They had the midas touch—and suddenly lost it. For what seemed to be a whirlwind minute, Internet Capital Group built a dot-com kingdom that stretched across dozens of companies. Investors and top managers from Microsoft and Tech Data joined ICGs crusade. The incubators stock soared during the height of dot-com madness. But a confluence of factors—ranging from the dot-com fallout, investor skepticism, questionable investments and other factors—has knocked ICG from its throne.
ICGs current financial condition wont be known until Feb. 21, when the company is slated to announce Q4 financial results. ICG declined to comment for this article, citing a financial quiet period. However, the first three quarters of 2000 didnt look good: Even as revenue rose 47 percent to $21.7 million, losses for the period nearly hit $100 million. Impatient investors have pounded ICGs stock, which trades for about $5—down from its all-time high of $246.
During the companys heyday, ICG raised $1 billion and even mustered a market cap of more than $40 billion, bigger than some iron giants like Ford.
But those go-go times are ancient history, and some analysts wonder what ICG will do to survive. "They made some big bets in the wrong part of the B2B economy," says Patrick Walravens, senior equity research analyst at Lehman Brothers. "They bet heavily on the independent B-to-B market place, and those types of companies are going out of business in droves."
Smart Staff To be sure, ICG isnt at a loss for talent. During the height of its popularity, ICGs corner offices attracted top names like Sam Jadallah, a former VP at Microsoft; Tony Ibarguen, former president and COO of distributor Tech Data; and Mary Coleman, former CEO of Baan.
Jadallah earned high grades managing much of Microsofts channel strategy before taking another post at the software giant and then turning his attention to ICG. And Ibarguen helped Tech Data to successfully navigate a downturn in the distribution market.
A Little Luck Helps Still, it takes more than top talent to succeed in business. The golden touch that ICG co-founders William Buckley III and Kenneth Fox seemingly had when they started the company in 1996, is all but gone, industry experts say.
The company bet heavily—make that too heavily—on its expectation that independent business-to-business markets would sweep corporate America off its Old Economy feet. But that bet was a big miss. Instead of rushing to an independent vertical sites like MetalSite or VerticalNet, companies within certain industries—like General Electric in plastics or General Motors in manufacturing—formed their own B-to-B sites.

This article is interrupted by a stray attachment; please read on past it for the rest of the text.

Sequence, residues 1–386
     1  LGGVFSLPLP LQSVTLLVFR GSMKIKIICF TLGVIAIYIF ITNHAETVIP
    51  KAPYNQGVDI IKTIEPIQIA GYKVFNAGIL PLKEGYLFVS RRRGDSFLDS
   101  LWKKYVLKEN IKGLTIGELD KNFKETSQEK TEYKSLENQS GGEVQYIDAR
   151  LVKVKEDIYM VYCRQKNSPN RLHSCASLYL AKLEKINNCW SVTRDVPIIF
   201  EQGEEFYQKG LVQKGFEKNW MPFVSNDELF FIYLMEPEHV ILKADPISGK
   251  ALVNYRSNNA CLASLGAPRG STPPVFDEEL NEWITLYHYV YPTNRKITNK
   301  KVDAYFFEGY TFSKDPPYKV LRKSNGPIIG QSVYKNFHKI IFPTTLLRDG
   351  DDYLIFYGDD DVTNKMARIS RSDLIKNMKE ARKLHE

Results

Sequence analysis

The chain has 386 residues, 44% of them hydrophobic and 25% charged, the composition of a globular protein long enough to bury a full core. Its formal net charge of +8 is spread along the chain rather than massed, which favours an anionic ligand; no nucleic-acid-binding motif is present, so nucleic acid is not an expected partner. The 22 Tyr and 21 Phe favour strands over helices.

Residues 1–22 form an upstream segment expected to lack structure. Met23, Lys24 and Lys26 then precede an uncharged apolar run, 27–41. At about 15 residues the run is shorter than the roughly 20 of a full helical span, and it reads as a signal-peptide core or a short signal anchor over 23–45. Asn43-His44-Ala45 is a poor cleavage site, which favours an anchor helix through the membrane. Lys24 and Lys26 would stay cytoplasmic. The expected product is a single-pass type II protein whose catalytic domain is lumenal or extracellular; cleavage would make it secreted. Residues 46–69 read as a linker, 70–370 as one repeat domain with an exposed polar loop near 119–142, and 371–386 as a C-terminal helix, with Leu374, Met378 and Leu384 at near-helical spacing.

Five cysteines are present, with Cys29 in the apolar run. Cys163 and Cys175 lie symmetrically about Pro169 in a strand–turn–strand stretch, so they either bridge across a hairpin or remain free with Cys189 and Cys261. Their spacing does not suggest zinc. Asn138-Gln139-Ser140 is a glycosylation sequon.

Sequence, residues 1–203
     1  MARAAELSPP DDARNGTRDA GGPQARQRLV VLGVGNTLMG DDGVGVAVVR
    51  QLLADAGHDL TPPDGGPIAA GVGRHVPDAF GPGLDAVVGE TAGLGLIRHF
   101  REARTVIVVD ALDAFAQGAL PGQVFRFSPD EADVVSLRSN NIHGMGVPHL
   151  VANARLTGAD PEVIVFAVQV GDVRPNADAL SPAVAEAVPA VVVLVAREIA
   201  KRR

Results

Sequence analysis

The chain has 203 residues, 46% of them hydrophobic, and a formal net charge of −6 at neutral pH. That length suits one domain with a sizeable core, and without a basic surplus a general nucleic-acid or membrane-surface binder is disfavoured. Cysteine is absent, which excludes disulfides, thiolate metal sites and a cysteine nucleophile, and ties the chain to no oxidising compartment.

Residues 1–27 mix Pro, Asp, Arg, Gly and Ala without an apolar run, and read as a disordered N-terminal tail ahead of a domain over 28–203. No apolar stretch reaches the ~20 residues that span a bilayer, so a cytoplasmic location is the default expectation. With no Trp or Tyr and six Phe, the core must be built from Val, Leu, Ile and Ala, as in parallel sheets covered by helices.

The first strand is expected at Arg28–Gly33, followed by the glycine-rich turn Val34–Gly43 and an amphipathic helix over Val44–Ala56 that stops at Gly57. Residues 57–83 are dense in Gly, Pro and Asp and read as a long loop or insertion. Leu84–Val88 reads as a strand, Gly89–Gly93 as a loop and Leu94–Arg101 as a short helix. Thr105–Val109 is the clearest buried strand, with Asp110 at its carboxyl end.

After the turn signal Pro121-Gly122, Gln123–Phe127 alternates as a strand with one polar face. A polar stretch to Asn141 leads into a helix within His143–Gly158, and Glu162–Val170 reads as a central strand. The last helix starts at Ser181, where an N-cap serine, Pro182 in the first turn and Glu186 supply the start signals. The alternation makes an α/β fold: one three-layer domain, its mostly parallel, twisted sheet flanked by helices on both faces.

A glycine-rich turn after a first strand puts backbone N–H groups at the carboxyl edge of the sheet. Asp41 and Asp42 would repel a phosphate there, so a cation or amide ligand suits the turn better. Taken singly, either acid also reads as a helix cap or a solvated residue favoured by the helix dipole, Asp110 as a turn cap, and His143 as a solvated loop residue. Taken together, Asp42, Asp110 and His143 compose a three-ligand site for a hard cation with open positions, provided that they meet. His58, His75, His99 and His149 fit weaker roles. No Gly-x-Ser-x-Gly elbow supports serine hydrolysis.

Now, the problem that ICG faces is one of cash. The company had hoped to make money using a keiretsu-style model. As of September, ICG had invested heavily in about 80 companies. But ICGs road to profitability requires many of those companies to go public.
And theres the rub. Few companies can stomach an IPO during the current economic slowdown. Five ICG partner companies last year pulled their IPOs, and a sixth is still in registration. Meanwhile , the ICG partner network companies that have gone public are currently suffering: VerticalNets stock is in the $3 range, Breakaway Solutions is hovering at the $1 level, and US Interactive filed for bankruptcy protection.
To date, ICG has taken serious steps to save and raise cash. The company, with a market cap of about $1.4 billion, had about $500 million in cash as of Sept. 20. ICG has moved quickly to cut its cash burn-rate, which is about $25 million a month. However, Pegasus Research reports that ICG burned through $86 million in the third quarter and could run out of cash in 17 months.
Slim Fast ICG underwent a restructuring in December, evaluating which partner companies had the most promise and market traction. ICG plans to continue funding only 15 of its most promising companies, cutting off cash infusions to the rest. To raise money, ICG last month sold its stake in Servicesoft to Broadbase Software and its stake in eChemicals to Aspen Technologies. It also merged partner companies FreeBorders and Applied Intranet Technologies.
Analysts say the cost-cutting measures are necessary if ICG is going to survive. "I think they are going to conserve their capital any way they can, by liquidating any assets to bringing some more cash and invest in the firms that are solid," says Dan Leben, assistant analyst at R. W. Baird & Co., an investment firm.
However, selling a brood of companies may not be an easy nor profitable task, says Ed McCabe, director, Merrill Lynch: "Its tough market to find a buyer; this is not a sellers market."
Even with that outlook, ICG does have some potential gems in its mix. For instance, RightWorks, which is a provider of e-procurement software aimed at B-to-B exchanges, could be one of the companies that will fall into its favored list. ICG took a huge stake last year in RightWorks for $22 million in cash and $656 million in stock. ICG named Coleman (the Baan veteran) CEO of RightWorks and appointed Jadallah as its chairman. These executives, analysts say, bring experience in building a software firm and developing indirect models for selling software.
Questions Remain But can a focus on a few good companies put ICG back on track? Its hard to say.
"I think its up in the air," says Merrill Lynchs McCabe. "They have to execute on the strategy of de-emphasing the non-strategic assets to raise cash and focus on the more mature partner."
Others are not that hopeful. Especially because of the skepticism about ICGs stock not responding after ICG took action on specific partner companies "They need critical mass for their partner companies to be successful," says Leben. " Im not sure there is much they can do."
Come Feb. 21, well see whats left of ICGs golden touch.